To resume our history of the decline: the beginning of the end of the formal study of the Greeks arrived in the 1960's. Classics - lonely amo, amas, amat in the carrel, Demosthenes' hokey sermons on courage and sacrifice, Livy's advice to fight the good war - became worse than irrelevant. The entire package was viewed as part of the reactionary establishment. It had to be jettisoned. Classics was ancient, it was dominated by 'old' white males, it was time-consuming and difficult. So much page-turning, so many "no's" and "don'ts", and "stop-its." Absolutes, standards, memorization, and traditional values had no place on a campus where modernity, relevance, and ideology were the new mantras; to say as much publicly brought self-affirmation and a sense of revolutionary commitment.
University administrators caved in to the complaints of young often self-righteous students. Curricular 'reform' followed, resulting in the virtual abandonment of core courses - important, basic classes which required students to gain at least some familiarity with the literature, grammar, philosophy, history, and language of Classical study. (Even the Vatican gave in, dumping latin as the Church's universal language.) Professional 'educators' and social scientists leaped into the vacuum, spreading therapeutics through the university, metastasizing their "I'm growing" and "Tell us about yourself" like cancer cells in a weakened system. The seeds of the "feel-good" curriculum were planted, the crops of which we are harvesting in today's pressing concern for institutionally imposed self-esteem. This new, ultra-sensitive curriculum... ran directly counter to Greek wisdom.
Students of this new age, no longer either compelled to memorize irregular comparative adjectives or eager to soak up the corny wisdom of Sophoclean tragedy, now needed to be enticed back into the traditional classroom. Scholars were forced to win back their students and to convert the now preoccupied public to their own particular enclaves.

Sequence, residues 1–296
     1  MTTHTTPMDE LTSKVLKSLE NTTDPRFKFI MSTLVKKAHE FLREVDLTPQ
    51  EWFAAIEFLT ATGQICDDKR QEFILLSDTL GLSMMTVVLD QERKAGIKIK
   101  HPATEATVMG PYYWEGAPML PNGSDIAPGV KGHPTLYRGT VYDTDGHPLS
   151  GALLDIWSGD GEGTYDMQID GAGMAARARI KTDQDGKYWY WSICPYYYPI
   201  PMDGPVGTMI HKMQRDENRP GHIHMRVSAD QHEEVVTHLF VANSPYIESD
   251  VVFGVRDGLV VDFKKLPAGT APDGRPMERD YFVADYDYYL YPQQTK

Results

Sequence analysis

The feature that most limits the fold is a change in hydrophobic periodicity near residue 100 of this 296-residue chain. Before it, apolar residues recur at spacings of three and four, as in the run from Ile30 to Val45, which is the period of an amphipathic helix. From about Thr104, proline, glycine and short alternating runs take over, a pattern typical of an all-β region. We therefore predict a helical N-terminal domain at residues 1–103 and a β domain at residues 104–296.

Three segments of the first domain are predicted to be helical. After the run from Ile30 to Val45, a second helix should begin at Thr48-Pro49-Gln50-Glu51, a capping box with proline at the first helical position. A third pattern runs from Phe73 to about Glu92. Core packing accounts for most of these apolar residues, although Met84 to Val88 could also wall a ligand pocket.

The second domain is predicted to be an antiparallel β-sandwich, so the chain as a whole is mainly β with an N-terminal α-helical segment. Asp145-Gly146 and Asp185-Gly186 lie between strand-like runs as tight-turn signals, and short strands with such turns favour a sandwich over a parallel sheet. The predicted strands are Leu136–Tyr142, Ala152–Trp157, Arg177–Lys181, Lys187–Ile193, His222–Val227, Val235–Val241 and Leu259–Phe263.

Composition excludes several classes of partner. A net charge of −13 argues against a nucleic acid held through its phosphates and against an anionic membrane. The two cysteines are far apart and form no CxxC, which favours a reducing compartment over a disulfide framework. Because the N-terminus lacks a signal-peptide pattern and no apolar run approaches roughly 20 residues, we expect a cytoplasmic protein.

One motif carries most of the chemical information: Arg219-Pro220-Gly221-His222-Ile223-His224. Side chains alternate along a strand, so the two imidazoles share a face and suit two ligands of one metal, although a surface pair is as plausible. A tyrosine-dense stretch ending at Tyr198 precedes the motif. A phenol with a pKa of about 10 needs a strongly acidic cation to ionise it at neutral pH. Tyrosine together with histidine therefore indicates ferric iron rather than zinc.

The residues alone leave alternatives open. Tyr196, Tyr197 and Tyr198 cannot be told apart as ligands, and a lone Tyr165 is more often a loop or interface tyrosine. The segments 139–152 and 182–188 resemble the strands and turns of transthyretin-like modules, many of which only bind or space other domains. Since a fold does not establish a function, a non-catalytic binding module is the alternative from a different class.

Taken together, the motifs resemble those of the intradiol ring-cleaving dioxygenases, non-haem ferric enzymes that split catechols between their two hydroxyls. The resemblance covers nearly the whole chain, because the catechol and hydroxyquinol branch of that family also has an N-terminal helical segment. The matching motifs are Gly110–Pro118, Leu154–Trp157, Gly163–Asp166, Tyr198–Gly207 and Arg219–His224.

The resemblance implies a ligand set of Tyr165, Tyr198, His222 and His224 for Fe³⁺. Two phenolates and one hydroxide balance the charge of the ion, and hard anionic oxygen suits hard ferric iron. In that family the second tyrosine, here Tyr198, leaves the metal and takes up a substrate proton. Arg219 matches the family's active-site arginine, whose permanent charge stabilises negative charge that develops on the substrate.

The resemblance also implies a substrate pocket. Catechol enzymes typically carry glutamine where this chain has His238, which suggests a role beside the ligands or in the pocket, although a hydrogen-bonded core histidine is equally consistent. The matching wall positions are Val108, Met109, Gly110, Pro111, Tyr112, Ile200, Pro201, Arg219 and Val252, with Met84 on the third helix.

- Who Killed Homer? Victor Hanson and John Heath
An upside to moving an imposing volume of books all over the planet is to unearth hidden gems in your home library. I have acquired a good many more books than I've had time to read in the past couple decades. It is a great pleasure to dig into them now, with not much more time perhaps, but a somewhat clearer head. Sleeping through the night - at least more often - does that for you. ; D
I will confess I do not read latin and Greek in the original, however as the university went, so went the lower schools. The same fallout seems to have been experienced in trickle down fashion right through the grades which I do deal with daily. This book coincided with Colin, Alannah, and I watching Men Who Stare at Goats, which was equal parts hysterical and tragic to watch as a child of the 70's. They combined to leave me with a perpetual head shake and occasional grumble to myself this past week.
While the answer is not a joyless 'cracking down' I do feel that viewing absolutes and rigor differently is in order. Re-establishing a truth and rigor-based (versus an emotions-based) curriculum right here at home is a goal worthy of consideration lest we, too, find ourselves in a position of needing to entice our own students as we head 'back to school' shortly.
The bigger issue is the long term effect of relaxation of standards in our self-esteem. I thought of that over and over while reading Emma.
"Emma was sorry... to be always doing more than she wished, and less than she ought! Why she did not like Jane Fairfax might be a difficult question to answer; Mr. Knightley had once told her it was because she saw in her the really accomplished young woman, which she wanted to be thought herself, and though the accusation had been eagerly refuted at the time, there were moments of self-examination in which her conscience could not quite acquit her."
How many of us are like Emma today it seems: clever and just well-read enough to appreciate education, but not disciplined enough to have truly acquired academic excellence. We are articulate, versus substantial. We like to think about thinking much as we like to think about exercise, nutrition, theology, teaching, homemaking, or any number of other topics far better than actually digging into the doing of them, which is always conserably less romantic.
These are the things I have been chewing on lately, particularly as we prepare for another year of learning. (and travel and sports and arts...) It is always daunting initially, looking at the year ahead and all we hope to accomplish, all we really must fit in. Step by step and day by day we proceed and, by the grace of God, succeed more often than not. Having these reminders helps.
It's been an eclectic summer of Grace Livingston Hill, Beverly Cleary, and Jane Austen on one hand. Hanson, Raymond Moore, and a handful of social science titles on the other.
Brain is full. : )